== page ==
Making a faster "docker build" with FUSE
Reading Time • 4 min read
Making a faster "docker build" with FUSE
Making a faster "docker build" with FUSE

Making a filesystem seems daunting, but actually isn't that hard in 2022. In this article we'll talk about why we had to build our own filesystem, and chat about how you can build your own.

Docker builds are often slow

Dockerfiles come with several "foot guns" that can easily cripple build performance. The Dockerfile below, for example, will take many minutes to build after every single change:

FROM node:18
COPY . .
RUN npm install
CMD ["npm", "run", "start"]
An example Dockerfile for an NPM-based NodeJS repository

The reason is that Docker hashes each step. It figures out the inputs for every command, and makes a new hash for the layer based on the layer above.

How docker layer caching currently works

The hash function of the COPY command might look like this:

func Hash(h hash.Hash, sourceDir, destDir string) {
	h.Write("COPY instruction to " + destDir)
	filepath.WalkDir(sourceDir, func(path string, d fs.DirEntry, err error) error {
		f, _ := os.Open(filepath.Join(sourceDir, path))
		io.Copy(h, f)
  1. Take the hash of the node:18 image,
  2. Add the fact that there's a COPY instruction to it,
  3. Add all of the files copied to it,
  4. Set the ID of the resulting build layer as that hash.

If you docker build again without changing the Dockerfile or any other files copied, you'll be able to skip the COPY instruction because the hash will match with the layer already built.

However, if you change any files read by the COPY instruction (e.g., any of them), Docker will have re-start from the COPY instruction and re-run the slow npm install command.

Ideally, the build would be able to figure out which files were read by which steps and only use those while calculating the hash.

A better way of skipping build steps?

Since npm install only reads a few files (like the node configuration file at package.json), it could be skipped as long as those particular files haven't changed.

The optimal caching strategy would be to hash files as they are read during the process of a step running, and then use those files to determine whether a snapshot could be loaded.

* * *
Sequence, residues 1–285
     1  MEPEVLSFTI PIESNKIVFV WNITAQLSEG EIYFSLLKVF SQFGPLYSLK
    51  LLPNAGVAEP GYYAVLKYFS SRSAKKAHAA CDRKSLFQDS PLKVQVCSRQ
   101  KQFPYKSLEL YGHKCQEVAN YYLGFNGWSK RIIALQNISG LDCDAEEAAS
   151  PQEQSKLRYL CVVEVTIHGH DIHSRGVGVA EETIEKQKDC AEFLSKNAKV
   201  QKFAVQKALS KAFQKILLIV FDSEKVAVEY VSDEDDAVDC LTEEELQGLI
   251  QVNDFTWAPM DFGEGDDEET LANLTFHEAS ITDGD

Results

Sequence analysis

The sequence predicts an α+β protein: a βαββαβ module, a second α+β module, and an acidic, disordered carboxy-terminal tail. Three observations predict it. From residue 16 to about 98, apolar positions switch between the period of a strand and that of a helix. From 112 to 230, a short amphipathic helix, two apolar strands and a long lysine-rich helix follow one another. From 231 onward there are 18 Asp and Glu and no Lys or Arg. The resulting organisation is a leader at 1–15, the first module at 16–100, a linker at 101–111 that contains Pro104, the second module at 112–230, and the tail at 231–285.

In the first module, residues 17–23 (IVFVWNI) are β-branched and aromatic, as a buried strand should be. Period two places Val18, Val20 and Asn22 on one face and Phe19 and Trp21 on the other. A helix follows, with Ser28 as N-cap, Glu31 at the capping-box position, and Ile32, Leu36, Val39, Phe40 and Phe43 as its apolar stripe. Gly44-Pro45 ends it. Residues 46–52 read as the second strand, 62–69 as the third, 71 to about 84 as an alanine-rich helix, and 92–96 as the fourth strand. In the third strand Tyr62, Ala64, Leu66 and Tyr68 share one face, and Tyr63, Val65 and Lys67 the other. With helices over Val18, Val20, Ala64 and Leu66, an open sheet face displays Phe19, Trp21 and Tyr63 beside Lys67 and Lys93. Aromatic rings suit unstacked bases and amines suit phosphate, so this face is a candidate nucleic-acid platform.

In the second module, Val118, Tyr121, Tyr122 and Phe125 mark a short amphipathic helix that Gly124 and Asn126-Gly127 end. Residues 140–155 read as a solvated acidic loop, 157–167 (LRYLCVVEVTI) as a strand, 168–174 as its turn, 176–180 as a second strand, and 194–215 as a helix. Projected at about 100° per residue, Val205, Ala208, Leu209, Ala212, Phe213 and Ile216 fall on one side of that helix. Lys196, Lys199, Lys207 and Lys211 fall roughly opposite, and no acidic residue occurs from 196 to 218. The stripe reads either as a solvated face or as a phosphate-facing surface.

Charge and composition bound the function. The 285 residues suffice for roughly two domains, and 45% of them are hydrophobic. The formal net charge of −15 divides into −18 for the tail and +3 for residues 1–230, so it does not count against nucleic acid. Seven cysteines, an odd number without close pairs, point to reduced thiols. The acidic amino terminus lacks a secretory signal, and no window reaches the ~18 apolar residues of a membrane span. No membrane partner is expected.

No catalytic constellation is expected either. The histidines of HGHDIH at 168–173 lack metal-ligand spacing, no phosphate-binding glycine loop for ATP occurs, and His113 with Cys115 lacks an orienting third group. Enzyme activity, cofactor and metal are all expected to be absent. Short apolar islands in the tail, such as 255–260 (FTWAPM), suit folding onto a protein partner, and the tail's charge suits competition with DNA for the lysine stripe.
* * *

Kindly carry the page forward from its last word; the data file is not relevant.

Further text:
But how can you tell when files are read? Utilities like inotify have limits on how many files can be watched, and can miss reads made by other filesystems (such as overlayfs). You could maybe use eBPF or the audit subsystem, but these depend a lot on the kernel version for now.

FUSE passthrough monitoring FS

The easiest way to monitor which files are used at which build step is by making a new filesystem which just passes reads/writes to a parent filesystem and logs them.

Making filesystems was hard 10+ years ago, but is now significantly easier because of a kernel feature in many operating systems called FUSE (Filesystem In User SpacE). Fuse filesystems are just regular programs (usually written in C) that interact with the operating system to create new virtual filesystems at a directory.

There's already a reference implementation of "passthrough" in the official libfuse sources, so all we'd have to do is log when files are read:

When someone calls stat package.json, forward the request to another directory and log it

If we implemented builds this way, we could know with complete certainty which files were read by any process up to a given point.

How this system is better

Let's look at the Dockerfile above again:

FROM node:18
COPY . .
RUN npm install
CMD ["npm", "run", "start"]

Now, when we build, COPY would not include any files in its hash, only the fact that a directory was copied.

On the subsequent  line, npm install would read the file package.json from our FUSE filesystem, and we'd add the hash of package.json to a dictionary, and save it

If we edited some file somefile.js (or almost any other file) and built again, we'd be able to notice that the hash is the same, and the hashes of the read files is the same.

Instead of hashing all of the files when calculating the hash for COPY, we keep a separate dictionary of file hashes which grows as more files are read

Is this approach implemented anywhere?

If you're hoping this lands in Docker any time soon, you might be disappointed. The modern container landscape is heavily based on 10 years of work with the original hash-only-based solution, and that structure has made it into the OCI specification which cloud providers use to allow you to run containers.

At we've implemened this approach for our non-OCI-compliant "Dockerfiles that build VMs" language called Layerfiles, which we've been in the process of open sourcing.

How much difference does it make?

For toy examples like the one above with package.json, you can work around the issue if you know how the Docker caching model works by manually copying files or using .dockerignore. However, if you have a large monorepository with lots of things to build, it can be very difficult to micromanage which files are used by what.

Screenshot of interface: Due to this file watching, 9/20 images are built within a minute of the push starting.

For our "Dockerfiles that build VMs" usecase, we've found that people add dozens of build steps in large repositories because they can assume that most of them will be skipped. This approach even acts as a replacement for "cache keys" of CI systems, if you build your resources on every commit like we do.


Docker build's cache is one of the most intuitive ways of speeding up builds, and one of the reasons Docker became popular in the first place.

That doesn't mean that there isn't room for improvement, and approaches like the one in this article will land in the coming years to make development even faster.

Last Updated • Oct 07, 2022